If a potentially powerful antibiotic agent is being kept off the market, there must be a good reason; in the case of marinomycin A, it is the result of a frustrating flaw. Derived from a species of marine bacteria, it represents a family of macrodiolides — macrocyclic ethers with some potent medicinal qualities, in this case even an ability to defeat infection from the much-feared methicillin-resistant Staphlococcus aureus (MRSA) and vancomycin-resistant Enterococcus faecium (VREF).
Unfortunately, marinomycin turns out to be light sensitive, so much so that its delicate polymer structure is hopelessly smashed in less than two minutes’ exposure to direct UV light, which makes it challenging to use in a conventional clinical setting. For Queen’s University chemistry Professor P. Andrew Evans, who led the team that synthesized this important lead in 2012, that might have been the end of the story. Then he met Grahame Mackenzie at the University of Hull, who had developed a technique for replacing the contents of plant spores with active agents, which offers a more effective means of drug delivery. Evans raised the question of whether this kind of microscopic packaging would protect marinomycin from light so that patients could consume it like any other pharmaceutical.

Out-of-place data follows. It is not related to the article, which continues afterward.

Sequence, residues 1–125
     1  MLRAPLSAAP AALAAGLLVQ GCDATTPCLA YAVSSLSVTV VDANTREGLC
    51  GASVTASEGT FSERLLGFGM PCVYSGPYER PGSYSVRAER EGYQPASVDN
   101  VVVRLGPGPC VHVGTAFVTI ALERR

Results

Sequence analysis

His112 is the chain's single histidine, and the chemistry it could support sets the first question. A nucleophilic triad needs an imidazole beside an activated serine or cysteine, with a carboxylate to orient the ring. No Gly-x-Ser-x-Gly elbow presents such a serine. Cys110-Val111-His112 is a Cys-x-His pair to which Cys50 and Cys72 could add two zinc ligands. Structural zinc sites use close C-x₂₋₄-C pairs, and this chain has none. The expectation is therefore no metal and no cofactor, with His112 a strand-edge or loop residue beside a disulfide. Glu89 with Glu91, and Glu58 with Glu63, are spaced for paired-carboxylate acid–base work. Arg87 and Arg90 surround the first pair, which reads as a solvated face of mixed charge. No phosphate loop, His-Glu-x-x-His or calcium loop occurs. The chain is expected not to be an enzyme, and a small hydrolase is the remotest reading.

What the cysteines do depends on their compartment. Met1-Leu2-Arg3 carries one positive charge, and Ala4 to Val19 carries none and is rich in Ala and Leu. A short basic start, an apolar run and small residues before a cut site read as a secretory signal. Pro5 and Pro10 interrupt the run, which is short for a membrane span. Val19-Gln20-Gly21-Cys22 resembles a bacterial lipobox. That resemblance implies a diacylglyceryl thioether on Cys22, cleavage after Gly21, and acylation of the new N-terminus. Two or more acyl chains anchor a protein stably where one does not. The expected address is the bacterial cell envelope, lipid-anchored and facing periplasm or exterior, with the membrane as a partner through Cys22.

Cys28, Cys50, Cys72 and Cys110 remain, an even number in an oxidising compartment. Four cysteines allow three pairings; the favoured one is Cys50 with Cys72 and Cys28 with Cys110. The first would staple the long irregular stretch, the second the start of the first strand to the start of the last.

Subsequent research in collaboration with organic chemist Rebecca Goss, a professor at the University of St. Andrews, demonstrated this strategy can work, with the antibiotics being contained in sporopollenin exine capsules derived from Lycopodium clavatum, a type of clubmoss that is found around the world. Evans and his colleagues published their findings earlier this year in the Royal Society of Chemistry journal Chemical Science.
“If you dry the spores, then it’s almost indefinitely stable, which is really amazing,” he explains, noting that the marinomycin remains entirely viable. “Remarkably, marinomycin goes from decomposing within 90 seconds to being stable for more than seven hours in direct UV light, which is significantly stronger than regular sunlight.”
Evans adds that because the spores are naturally occurring, they will not further complicate the approval process for marinomycin, which can be submitted for clinical trials entirely on its own merits. Nor is this approach limited to one particular type of spore-bearing plant; others could be employed to accommodate the features of other agents that were being sequestered in this same way.
“Different plants species give different pore sizes,” he says. “You can tailor the pore size to the size of molecule, which makes this a fairly versatile strategy.”
Given the potential for light to ruin this production method, the work also considered the viability of a fermentation process that could enable encapsulation to take place in the dark. Evans expressed his admiration for the dedicated work of Christopher Bailey, a doctoral candidate in the Goss lab at St Andrews, who pursued this question and spent several challenging months working with marinomycin under lightless conditions.
In the meantime, he has also heard from representatives of pharmaceutical firms who have indicated that their libraries include a variety of other drug candidates which, like marinomycin, fell short of practical clinical implementation. Some of these could well be brought to market through this same form of encapsulation.